It’s true! Like people, dogs have a predominant paw. But, how do you know if your dog is a rightie or a leftie? The most widely used research method in determining a dog’s paw preference is called the Kong Test. A kong is a non-toxic rubber toy with a hollow center. When stuffed with food, it can provide dogs with a healthy outlet for the natural desire to chew and lick. The most effective way to extract food from a kong is to hold it still. For a dog, the best way to do that is by using a paw. During the kong test, dogs are given a food-stuffed kong and then observed as they go after the tasty goodness inside. Each time the dog uses a paw to stabilize the kong, the observer records it. Once the treat is cleaned out, they review their observations to determine the “paw of choice.” Many dogs are ambilateral, which means they used both paws the same number of times. If you are looking for a less food-motivated test to try, there is also something called the First-stepping Test. This test begins by having the dog stand with both forelegs level. Whatever paw the dog advances with first is the predominant paw. That’s it! Just one tiny little detail, if you want accurate results from either of these tests, you’ll have to perform a paw preference test over an extended period of time. Both the Kong Test and the First-stepping Test require 50 observations for accurate data. But why does any of this matter? Just like in handedness in humans, paw preference relates to activity in the brain’s hemispheres. The left hemisphere controls the right side of the body, and the right hemisphere controls the left side of the body. Each hemisphere processes different emotions, so laterality (dominance of one side of the brain in controlling particular activities or functions, or of one of a pair of organs such as the eyes or hands) may play a role in impacting behavior. The more we learn, the more we can use this knowledge to determine what dogs might be best in the position of emotional support dogs, therapy dogs, and service dogs. So, which paw does your dog prefer?
Research conducted at Canisius College in New York State found that, for women, dogs are better bed companions than humans or felines. But, what makes dogs such great sleep partners? Ph.D., animal behaviorist, Christy Hoffman, speculates that it could have something to do with similar sleep patterns dogs share with humans. Unlike a cat who might be bouncing off walls at 10 PM, a dog is more likely to be tucking in for the evening when their human does. Another compelling thought is that maybe the women in this study simply felt more secure with their dog by their side. Feeling safe is essential for a peaceful night’s sleep. Dogs will go to great lengths to protect and watch over their owners. They alert their humans when there is danger and snuggle like a boss when there’s not. How could you not get a solid 8 hours with that combination of goodness? More in-depth research would have to be conducted to solidify if this theory is correct, but we’re rolling with it. If you have been looking for a reason to allow that cute pup into bed, this should do!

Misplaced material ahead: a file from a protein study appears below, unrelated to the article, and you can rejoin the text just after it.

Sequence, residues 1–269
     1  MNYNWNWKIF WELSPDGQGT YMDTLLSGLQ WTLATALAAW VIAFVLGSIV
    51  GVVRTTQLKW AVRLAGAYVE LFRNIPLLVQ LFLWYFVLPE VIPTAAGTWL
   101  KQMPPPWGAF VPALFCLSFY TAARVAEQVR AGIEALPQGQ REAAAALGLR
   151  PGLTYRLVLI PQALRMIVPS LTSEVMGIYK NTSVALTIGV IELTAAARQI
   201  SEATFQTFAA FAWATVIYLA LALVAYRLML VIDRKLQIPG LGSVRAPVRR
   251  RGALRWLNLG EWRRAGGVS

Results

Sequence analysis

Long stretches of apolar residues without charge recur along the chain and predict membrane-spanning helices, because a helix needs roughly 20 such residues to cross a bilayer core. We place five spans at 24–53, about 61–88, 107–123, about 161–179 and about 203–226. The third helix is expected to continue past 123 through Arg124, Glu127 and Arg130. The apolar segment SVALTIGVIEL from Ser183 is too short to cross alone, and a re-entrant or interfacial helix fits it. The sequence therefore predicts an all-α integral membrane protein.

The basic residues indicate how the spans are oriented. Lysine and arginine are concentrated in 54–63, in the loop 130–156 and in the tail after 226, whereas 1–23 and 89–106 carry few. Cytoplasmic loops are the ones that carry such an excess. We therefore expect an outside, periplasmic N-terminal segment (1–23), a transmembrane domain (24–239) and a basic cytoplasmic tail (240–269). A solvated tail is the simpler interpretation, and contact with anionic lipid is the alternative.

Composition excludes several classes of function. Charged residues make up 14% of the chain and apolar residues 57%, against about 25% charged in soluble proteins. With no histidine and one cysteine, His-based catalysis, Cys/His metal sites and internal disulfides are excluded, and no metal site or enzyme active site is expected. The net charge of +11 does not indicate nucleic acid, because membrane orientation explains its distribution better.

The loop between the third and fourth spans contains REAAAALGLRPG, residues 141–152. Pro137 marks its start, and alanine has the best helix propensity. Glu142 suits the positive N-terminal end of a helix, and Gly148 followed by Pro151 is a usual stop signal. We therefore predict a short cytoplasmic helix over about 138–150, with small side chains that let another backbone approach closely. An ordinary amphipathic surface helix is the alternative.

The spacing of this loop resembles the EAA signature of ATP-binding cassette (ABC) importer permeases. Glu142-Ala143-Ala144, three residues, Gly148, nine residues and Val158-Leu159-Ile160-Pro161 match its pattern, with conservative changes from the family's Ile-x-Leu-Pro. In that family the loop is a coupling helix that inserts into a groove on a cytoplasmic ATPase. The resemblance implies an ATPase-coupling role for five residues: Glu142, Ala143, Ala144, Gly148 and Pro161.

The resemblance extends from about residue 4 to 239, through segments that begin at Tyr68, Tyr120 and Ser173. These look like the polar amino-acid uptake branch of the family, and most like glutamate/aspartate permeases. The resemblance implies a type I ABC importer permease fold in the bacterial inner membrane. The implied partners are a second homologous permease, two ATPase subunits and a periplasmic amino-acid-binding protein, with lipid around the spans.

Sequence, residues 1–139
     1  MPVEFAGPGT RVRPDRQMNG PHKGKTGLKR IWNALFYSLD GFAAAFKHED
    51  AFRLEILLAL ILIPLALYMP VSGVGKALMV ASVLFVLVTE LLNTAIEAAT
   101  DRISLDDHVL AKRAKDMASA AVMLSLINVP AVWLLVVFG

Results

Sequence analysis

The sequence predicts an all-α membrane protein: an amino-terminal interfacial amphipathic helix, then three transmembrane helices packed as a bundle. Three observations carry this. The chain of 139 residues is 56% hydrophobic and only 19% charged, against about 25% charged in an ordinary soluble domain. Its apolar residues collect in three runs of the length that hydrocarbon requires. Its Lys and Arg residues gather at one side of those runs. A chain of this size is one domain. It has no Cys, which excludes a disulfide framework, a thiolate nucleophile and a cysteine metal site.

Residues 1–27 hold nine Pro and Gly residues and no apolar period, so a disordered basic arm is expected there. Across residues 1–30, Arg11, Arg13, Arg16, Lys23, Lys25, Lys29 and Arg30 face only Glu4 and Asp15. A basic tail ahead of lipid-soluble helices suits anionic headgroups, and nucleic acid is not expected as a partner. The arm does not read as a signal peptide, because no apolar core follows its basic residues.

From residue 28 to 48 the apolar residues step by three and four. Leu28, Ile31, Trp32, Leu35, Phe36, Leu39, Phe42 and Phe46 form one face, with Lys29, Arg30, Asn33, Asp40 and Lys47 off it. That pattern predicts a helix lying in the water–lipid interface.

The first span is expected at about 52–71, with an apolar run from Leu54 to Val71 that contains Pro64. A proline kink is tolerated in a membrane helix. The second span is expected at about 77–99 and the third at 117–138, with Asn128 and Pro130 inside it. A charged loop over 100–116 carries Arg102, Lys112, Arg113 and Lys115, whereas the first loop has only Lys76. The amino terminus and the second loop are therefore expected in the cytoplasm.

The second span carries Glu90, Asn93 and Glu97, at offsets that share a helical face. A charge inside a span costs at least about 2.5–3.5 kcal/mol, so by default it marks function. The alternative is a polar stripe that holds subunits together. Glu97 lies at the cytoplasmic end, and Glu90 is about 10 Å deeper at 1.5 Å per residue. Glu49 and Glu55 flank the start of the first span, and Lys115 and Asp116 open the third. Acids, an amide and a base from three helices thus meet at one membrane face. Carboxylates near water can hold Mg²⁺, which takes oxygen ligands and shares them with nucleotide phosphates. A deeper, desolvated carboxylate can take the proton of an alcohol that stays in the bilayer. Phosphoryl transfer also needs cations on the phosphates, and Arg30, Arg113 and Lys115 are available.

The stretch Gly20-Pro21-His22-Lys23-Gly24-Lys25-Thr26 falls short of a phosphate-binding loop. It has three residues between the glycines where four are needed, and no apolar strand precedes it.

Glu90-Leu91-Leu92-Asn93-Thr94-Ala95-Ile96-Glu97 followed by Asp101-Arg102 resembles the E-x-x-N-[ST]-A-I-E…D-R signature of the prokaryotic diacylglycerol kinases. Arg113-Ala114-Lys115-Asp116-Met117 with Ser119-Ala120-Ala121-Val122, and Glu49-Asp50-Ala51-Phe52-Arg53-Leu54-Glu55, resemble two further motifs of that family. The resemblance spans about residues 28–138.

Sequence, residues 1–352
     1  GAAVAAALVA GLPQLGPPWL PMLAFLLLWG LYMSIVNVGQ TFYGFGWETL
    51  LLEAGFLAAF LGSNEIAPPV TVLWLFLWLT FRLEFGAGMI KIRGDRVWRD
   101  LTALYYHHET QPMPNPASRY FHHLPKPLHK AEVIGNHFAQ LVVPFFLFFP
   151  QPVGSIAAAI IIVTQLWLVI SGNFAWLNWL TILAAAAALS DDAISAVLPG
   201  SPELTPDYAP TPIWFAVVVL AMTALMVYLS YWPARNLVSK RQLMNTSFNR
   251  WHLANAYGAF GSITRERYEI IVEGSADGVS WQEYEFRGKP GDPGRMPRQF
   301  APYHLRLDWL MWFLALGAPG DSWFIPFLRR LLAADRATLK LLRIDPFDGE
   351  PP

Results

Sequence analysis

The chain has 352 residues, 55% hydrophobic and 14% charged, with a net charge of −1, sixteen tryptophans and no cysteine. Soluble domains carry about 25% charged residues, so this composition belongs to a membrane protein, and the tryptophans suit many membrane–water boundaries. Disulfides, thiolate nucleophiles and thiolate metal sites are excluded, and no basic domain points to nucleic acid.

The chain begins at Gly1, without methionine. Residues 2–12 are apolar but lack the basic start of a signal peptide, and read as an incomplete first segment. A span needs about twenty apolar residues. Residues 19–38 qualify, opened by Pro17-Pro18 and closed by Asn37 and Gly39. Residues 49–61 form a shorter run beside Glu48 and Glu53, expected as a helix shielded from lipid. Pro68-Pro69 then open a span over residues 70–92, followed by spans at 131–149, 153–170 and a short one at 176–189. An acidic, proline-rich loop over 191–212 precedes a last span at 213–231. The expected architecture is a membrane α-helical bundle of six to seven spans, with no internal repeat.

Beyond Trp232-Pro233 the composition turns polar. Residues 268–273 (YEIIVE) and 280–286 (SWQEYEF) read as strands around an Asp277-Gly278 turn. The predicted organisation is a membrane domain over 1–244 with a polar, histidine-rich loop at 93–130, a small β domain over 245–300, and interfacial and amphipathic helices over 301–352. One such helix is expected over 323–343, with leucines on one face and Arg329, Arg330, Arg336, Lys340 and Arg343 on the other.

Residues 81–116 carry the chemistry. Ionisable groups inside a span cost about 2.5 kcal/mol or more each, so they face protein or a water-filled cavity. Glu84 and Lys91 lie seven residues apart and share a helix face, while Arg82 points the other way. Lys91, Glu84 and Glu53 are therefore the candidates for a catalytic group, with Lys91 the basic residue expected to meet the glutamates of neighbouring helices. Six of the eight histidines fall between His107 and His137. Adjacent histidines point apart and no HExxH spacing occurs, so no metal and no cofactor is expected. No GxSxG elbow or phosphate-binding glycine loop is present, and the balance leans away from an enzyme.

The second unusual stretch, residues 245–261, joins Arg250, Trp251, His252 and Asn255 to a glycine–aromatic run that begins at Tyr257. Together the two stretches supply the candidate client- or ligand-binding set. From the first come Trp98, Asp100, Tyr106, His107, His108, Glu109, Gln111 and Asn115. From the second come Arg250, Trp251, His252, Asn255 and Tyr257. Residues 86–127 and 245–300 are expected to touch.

The third eyelid is called the nictating membrane. Have you ever looked at a sleeping dog and noticed that his eyes looked white? You are looking at his third eyelid. All dogs have them, and according to Deborah S. Friedman, D.V.M. and diplomate with the American College of Veterinary Ophthalmologists, the third eyelid has four functions: -It acts as a ‘”windshield-washer” for the cornea, clearing debris and mucus off the cornea. -The gland of the third eyelid produces about one-third of the dog’s tears. -The third eyelid contains lymphoid tissue, which acts as a lymph node and produces antibodies to fight infection. -It protects the cornea from injury. The human eyelid also protects and nourishes the human cornea, but it performs similar functions with two eyelids instead of three. The third eyelid is not easily seen in most breeds. If one has not been noticed before but shows up, it is good to get the dog checked out. A suddenly visible nictitating membrane can indicate that there might be something more happening beneath the surface. It is important to make an appointment with your veterinarian to make sure nothing serious is going on. Do you have something bizarre or unique to add to the list? Comment below with your additions!
The benefits of an Emotional Support Animal certification and a Psychiatric Service Dog certification are drastically different. Fortunately for you, American Service Pets’ network of active board certified doctors can help you find the right path to certification. To find out whether you need an ESA or PSD letter, take our easy, three-step Pet Owner Survey!